Murzin’s hero was the early 20th Century occultist and composer Alexander Nikolayevich Scriabin, who developed intricate and atonal musical systems based on theosophy, mysticism and synaesthesia. Christening his machine with Scriabin’s initials, Murzin set about applying some of the mystic’s methodology to electronic music.
For instance, the ANS did not work in 12-tone scales. Instead, it could summon 720 sine waves, which were printed across five glass discs. The discs were arranged so that the low frequencies were at the bottom of the disc and the high frequencies were at the top. Overall, the available microtones spanned 10 octaves.
For the composer to access the tones, they were required to scratch lines in non-drying black mastic resin covering another glass disc – effectively scratching out a musical score to be scanned by the machine. Shining a light through the aligned discs would trigger the ANS’ 20 photocells, converting the visual information into sounds. It was even possible to play all of the the 720 microtones simultaneously, by simply scratching a straight line across the disc.”

“’He sought not the author of music,’ explained Artemiev of his vague brief for Solaris, “but the organiser of audio space of the film.’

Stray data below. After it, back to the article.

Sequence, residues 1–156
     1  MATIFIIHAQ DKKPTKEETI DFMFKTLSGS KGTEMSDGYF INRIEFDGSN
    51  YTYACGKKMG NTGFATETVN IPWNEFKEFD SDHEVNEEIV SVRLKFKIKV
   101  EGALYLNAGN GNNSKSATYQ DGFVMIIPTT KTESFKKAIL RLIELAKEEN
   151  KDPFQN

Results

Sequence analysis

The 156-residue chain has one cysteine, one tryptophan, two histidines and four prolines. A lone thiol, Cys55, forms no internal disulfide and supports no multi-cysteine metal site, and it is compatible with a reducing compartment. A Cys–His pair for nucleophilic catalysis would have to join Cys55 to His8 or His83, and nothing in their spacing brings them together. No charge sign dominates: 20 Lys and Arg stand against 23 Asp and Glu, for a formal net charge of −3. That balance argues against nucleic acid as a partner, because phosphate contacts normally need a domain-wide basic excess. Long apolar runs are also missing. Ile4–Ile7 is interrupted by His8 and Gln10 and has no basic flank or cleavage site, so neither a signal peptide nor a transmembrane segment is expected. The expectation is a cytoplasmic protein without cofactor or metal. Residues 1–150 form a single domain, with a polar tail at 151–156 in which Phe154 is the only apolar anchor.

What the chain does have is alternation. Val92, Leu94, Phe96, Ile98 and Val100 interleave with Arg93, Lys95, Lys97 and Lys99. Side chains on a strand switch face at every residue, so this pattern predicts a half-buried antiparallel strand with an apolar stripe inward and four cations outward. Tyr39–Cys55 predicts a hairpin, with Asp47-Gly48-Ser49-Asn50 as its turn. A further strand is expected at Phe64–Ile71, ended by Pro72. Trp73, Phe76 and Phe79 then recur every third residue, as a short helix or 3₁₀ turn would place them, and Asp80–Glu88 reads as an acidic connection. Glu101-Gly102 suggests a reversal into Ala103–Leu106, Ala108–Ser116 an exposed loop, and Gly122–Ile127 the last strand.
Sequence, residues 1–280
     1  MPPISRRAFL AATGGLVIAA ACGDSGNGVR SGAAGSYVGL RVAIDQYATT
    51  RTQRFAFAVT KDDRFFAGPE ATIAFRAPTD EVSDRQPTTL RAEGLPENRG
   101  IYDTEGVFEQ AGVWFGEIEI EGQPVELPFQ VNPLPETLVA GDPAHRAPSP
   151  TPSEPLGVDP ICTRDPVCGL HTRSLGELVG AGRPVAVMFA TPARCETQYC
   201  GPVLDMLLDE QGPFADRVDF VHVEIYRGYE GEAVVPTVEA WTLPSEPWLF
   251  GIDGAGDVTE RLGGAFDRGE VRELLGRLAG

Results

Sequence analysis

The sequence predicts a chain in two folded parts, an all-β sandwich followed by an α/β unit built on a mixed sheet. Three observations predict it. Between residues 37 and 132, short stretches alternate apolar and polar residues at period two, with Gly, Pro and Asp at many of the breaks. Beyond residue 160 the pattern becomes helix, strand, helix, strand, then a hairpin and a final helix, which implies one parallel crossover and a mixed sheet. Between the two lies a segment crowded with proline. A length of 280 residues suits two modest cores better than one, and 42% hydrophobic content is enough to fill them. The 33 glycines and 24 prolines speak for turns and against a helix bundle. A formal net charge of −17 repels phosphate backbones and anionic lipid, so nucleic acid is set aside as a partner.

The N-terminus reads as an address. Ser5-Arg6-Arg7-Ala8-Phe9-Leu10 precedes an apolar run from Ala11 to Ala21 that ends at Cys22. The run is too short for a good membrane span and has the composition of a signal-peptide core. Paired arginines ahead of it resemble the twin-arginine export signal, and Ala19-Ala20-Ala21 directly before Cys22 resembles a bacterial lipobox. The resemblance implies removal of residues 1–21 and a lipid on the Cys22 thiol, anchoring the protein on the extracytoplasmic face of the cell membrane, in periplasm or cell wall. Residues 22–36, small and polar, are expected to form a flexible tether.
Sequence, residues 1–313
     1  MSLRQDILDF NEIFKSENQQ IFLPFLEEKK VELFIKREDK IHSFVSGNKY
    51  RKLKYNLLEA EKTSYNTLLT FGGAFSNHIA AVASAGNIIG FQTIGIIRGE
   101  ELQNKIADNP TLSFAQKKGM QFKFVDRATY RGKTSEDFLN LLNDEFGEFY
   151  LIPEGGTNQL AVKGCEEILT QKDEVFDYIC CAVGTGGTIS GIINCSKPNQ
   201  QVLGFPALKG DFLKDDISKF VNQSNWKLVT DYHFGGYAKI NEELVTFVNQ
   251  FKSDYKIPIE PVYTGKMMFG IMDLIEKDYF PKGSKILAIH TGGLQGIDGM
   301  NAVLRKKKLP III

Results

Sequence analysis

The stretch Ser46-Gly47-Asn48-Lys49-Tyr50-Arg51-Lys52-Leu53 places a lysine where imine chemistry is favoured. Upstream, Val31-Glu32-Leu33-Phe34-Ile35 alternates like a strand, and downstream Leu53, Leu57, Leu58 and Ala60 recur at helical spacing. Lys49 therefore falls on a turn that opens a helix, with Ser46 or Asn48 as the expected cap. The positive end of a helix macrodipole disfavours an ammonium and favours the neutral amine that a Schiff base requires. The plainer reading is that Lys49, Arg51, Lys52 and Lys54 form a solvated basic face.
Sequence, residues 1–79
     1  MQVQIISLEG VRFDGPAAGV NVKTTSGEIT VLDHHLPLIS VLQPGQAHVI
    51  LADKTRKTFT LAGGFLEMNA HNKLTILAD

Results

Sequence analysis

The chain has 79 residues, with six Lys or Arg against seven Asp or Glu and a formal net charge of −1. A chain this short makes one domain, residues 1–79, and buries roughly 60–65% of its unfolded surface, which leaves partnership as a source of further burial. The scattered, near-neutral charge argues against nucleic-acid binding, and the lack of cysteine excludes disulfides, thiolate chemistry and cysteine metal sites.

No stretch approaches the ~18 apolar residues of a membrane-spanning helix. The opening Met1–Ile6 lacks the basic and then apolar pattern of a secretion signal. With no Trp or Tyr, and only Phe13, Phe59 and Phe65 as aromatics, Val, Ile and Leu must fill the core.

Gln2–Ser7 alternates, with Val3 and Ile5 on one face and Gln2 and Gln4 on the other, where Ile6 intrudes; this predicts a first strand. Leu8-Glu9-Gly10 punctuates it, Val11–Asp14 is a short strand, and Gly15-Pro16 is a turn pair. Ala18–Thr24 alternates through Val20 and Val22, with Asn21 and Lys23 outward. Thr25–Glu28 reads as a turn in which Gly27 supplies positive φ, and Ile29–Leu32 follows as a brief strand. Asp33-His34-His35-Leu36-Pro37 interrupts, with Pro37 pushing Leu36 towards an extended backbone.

What sold Artemiev to Tarkovsky was a visit to the groundbreaking electronic music studio where Artemiev worked alongside the mathematician and optics engineer Yevgeny Murzin. The studio housed Murzin and Artemiev’s hulking metallic baby – the ANS synthesiser; an electronic music-making machine unlike any that had preceded or followed it.

Murzin began work on his synth in 1937 and it took 20 years to build. Research into new musical instruments was largely prohibited by the state, and despite the not-inconsiderable innovations of Leon Theremin, creating electronic instruments in Russia was considered a criminal act. Buying the required components was impossible, so inventors had to steal them from institutions…

Murzin’s hero was the early 20th Century occultist and composer Alexander Nikolayevich Scriabin, who developed intricate and atonal musical systems based on theosophy, mysticism and synaesthesia. Christening his machine with Scriabin’s initials, Murzin set about applying some of the mystic’s methodology to electronic music.

For instance, the ANS did not work in 12-tone scales. Instead, it could summon 720 sine waves, which were printed across five glass discs. The discs were arranged so that the low frequencies were at the bottom of the disc and the high frequencies were at the top. Overall, the available microtones spanned 10 octaves.

For the composer to access the tones, they were required to scratch lines in non-drying black mastic resin covering another glass disc – effectively scratching out a musical score to be scanned by the machine. Shining a light through the aligned discs would trigger the ANS’ 20 photocells, converting the visual information into sounds. It was even possible to play all of the the 720 microtones simultaneously, by simply scratching a straight line across the disc.”

eff’s presentation on Open WIreless (temporarily) recommends an older router (2011)

center for investigative journalism linked to last week recommended that when the highest level of security is needed, a pre-2008 laptop.

future of security was 5+ years ago.

[HOPE X] post privacy - tante

post privacy